Master of Science in Computer Science
First Committee Member
Ajoy K. Datta, Chair
Second Committee Member
Lawrence L. Larmore
Third Committee Member
Graduate Faculty Representative
Emma E. Regentova
Number of Pages
Link failure is a common reason for disruption in communication networks. If communication between processes of a weighted distributed network is maintained by a spanning tree T, and if one edge e of T fails, communication can be restored by finding a new spanning tree, T’. If the network is 2-edge connected, T’ can always be constructed by replacing e by a single edge, e’, of the network. We refer to e’ as a swap edge of e.
The best swap edge problem is to find the best choice of e’, that is, that e which causes the new spanning tree T’ to have the least cost, where cost is measured in a way that is determined by the application. Two examples of such measures are total weight of T‘ and diameter of T’.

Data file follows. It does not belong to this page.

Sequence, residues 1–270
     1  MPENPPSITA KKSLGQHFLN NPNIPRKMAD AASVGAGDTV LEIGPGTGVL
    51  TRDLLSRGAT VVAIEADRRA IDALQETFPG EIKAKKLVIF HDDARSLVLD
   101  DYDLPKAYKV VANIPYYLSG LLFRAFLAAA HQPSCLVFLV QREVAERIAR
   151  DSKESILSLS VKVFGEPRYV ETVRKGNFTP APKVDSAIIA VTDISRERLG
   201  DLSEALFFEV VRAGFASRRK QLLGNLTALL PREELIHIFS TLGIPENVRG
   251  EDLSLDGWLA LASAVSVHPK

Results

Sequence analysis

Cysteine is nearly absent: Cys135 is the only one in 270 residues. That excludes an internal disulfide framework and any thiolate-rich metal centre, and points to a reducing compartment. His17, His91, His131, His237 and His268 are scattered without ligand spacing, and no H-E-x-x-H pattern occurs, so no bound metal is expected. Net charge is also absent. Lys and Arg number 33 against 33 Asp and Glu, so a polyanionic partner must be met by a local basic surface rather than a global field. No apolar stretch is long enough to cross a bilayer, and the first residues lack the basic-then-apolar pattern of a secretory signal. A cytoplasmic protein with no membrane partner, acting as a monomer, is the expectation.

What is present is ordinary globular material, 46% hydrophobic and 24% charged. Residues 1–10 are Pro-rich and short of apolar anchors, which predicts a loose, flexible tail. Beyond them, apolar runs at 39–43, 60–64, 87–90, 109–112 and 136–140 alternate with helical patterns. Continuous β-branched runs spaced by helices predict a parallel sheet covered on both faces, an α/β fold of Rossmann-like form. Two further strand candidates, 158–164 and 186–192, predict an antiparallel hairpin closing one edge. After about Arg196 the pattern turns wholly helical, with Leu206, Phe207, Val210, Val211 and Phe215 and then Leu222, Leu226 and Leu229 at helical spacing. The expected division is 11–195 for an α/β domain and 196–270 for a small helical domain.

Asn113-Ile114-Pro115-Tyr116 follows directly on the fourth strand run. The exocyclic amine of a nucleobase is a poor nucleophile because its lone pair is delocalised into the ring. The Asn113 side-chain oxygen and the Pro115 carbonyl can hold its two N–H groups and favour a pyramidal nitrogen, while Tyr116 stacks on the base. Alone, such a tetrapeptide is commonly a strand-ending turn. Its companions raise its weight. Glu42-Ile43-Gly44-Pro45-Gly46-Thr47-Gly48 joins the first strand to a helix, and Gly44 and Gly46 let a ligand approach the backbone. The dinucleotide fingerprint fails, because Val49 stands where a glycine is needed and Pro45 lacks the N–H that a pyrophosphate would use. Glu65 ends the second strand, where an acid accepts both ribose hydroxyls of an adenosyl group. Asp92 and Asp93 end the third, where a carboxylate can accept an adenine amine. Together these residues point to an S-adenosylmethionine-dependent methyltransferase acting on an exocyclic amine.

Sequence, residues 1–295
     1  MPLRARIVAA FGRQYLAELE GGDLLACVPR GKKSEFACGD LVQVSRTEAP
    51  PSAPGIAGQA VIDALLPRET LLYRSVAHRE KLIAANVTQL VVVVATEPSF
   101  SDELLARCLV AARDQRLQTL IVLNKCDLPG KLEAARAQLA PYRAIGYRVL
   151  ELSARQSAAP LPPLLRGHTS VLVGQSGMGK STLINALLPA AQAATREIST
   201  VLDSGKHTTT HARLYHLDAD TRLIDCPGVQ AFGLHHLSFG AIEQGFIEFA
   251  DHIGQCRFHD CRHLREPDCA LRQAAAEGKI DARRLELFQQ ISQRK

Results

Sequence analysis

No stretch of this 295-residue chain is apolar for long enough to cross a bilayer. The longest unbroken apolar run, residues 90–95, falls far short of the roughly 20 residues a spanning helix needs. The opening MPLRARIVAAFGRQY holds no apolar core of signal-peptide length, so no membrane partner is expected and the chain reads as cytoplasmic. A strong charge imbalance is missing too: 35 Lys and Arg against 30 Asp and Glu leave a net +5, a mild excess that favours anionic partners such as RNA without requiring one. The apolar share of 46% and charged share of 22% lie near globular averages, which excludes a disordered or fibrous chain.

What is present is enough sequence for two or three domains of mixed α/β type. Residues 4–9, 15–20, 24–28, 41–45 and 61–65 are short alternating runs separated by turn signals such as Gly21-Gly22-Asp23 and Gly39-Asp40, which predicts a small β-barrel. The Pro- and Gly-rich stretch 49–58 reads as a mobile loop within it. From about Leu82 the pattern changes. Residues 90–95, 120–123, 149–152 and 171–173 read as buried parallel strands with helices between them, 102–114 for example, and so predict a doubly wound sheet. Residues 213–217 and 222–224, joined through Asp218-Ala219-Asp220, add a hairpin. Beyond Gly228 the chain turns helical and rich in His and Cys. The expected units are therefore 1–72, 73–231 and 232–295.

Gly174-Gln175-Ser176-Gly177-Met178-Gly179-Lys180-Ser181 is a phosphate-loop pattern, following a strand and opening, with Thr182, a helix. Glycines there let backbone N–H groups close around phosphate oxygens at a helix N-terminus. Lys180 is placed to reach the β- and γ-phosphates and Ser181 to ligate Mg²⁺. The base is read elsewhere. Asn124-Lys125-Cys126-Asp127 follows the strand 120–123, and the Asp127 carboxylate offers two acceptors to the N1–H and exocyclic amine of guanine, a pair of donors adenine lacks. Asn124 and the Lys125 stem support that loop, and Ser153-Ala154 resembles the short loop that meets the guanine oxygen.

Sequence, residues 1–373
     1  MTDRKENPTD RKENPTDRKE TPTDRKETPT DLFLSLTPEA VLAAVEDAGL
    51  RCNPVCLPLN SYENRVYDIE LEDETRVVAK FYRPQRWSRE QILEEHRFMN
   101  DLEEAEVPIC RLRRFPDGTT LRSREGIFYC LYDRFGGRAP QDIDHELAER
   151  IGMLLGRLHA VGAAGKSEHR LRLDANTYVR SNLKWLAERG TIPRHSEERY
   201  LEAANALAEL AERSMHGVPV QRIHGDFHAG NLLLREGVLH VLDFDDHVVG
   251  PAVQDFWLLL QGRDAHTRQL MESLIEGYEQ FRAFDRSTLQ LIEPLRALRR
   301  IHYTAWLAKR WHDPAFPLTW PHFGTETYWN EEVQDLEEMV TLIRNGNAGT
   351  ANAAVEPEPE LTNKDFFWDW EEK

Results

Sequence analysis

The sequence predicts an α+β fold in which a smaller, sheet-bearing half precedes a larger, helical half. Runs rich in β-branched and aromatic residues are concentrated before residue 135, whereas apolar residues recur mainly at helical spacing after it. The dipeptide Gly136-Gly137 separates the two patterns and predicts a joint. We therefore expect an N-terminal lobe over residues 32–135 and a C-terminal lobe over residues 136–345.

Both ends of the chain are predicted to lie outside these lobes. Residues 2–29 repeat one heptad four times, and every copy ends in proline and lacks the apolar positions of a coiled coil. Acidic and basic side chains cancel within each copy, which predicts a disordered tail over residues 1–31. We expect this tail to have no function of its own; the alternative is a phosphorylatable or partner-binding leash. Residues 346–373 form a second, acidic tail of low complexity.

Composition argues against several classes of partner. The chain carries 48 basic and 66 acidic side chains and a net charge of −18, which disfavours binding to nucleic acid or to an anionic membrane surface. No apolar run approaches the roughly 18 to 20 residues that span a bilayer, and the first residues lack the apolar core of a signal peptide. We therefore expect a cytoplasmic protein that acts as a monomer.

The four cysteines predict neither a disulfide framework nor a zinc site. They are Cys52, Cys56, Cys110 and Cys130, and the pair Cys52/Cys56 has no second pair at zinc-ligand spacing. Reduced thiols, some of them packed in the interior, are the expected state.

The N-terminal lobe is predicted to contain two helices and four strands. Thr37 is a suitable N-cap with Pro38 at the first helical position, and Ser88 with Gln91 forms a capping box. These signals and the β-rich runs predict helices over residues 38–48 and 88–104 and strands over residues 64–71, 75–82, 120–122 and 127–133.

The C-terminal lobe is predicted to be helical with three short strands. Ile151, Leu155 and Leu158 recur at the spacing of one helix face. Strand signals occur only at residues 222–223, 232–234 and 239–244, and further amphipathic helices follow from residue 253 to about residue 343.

The all best swap edges problem is the problem of determining, in advance of any failure, the best swap edge for every edge in T. The justification for this problem is that we wish to be ready, when a failure occurs, to quickly activate a replacement for the failed edge.
In this thesis, we give algorithms for the all best swap edges problem for six different cost measures. We first present an algorithm which can be adapted to all six measures, and which takes O (d2) time, where d is the diameter of T. This algorithm is essentially a form of distributed dynamic programming, since we compute the answers to sub problems at each node of T.
We then present a novel paradigm for speeding up distributed computations under certain conditions. We apply this paradigm to find O(d)-time distributed algorithms for the all best swap edge problem for all but one of our cost measures.
Formal algorithms and their correctness proofs will be given.
Computer and Systems Architecture | Computer Sciences | Digital Communications and Networking | OS and Networks
Andemeskel, Feven Z., "Dynamic distributed programming and applications to swap edge problem" (2010). UNLV Theses, Dissertations, Professional Papers, and Capstones. 677.